Sunday, September 1, 2013

A Tribute to Evelyn Brent

Born Mary Elizabeth Riggs in Tampa, Florida, on October 20, 1899, to a fourteen-year- old Italian mother and a seventeen- year-old Irish American father, the actress had a miserable childhood. Her father died when she was three years old and her mother died and left her penniless at the age of fourteen.

Betty visited the studios at Fort Lee, New Jersey and began appearing as an extra, with her first credited role as Betty Riggs in Maurice Tourneur’s 1914 production of “The Pit.” Evelyn met Olga Petrova while appearing in the Metro production of “The Soul Market (1916). And Olga encouraged her career in film.

The actress changed her name to Evelyn Brent with “The Lure of Heart’s Desire” in 1916 and the size of her roles gradually increased. By 1920, she had saved $500 and decided to visit Europe. Evelyn made her first British film, “The Shuttle of Life” opposite C. Aubrey Smith that year.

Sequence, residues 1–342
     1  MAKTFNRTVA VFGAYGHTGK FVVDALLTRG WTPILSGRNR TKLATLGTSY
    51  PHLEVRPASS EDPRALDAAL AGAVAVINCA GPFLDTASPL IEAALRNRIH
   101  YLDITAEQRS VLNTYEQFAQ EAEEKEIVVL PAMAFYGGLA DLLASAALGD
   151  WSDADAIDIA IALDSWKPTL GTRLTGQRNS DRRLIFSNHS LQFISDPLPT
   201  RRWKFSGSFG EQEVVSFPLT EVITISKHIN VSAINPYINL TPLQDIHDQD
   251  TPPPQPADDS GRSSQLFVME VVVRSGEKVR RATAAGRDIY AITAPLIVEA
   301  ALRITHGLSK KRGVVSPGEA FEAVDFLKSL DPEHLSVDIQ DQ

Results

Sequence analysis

Evelyn alternated between film and stage work, and as a result of her British career, she returned to the United States as a “British Beauty” and a star.

Evelyn came to California for the first time and revived her American career with Metro’s Held to Answer (1923). Evelyn made thirteen films in Europe. Ten in Britain, two in The Netherlands and one in Spain. Trapped by the Mormons (1922) and its sequel was Evelyn’s worst film.

Cool and beautiful, Evelyn seldom smiled. Evelyn was the archetypal gangster’s moll in her best films, Underworld (1927) and The Dragnet (1928), both directed by Josef von Sternberg. Evelyn was a favorite of the director, and he also cast her as the Russian Spy in The Last Command (1927) with Emil Jannings.

From 1926 to 1930, Evelyn was under contract to Paramount and was one of the stars of the studios first talkie, Interference (1929). She made 56 more films, with roles gradually getting smaller and the production quickly diminishing in importance and quality.

Aside from Underworld (1927) and The Last Command (1928), Evelyn’s best films were probably Blind Alleys (1927), The talkie, The Silver Horde (1928) and the talkie, Traveling Husbands (1931). Evelyn’s last film was Again Pioneers from Religious Film Associates in 1950. Evelyn died on June 4, 1975 in her small Westwood apartment.

No comments:

Post a Comment

Note: Only a member of this blog may post a comment.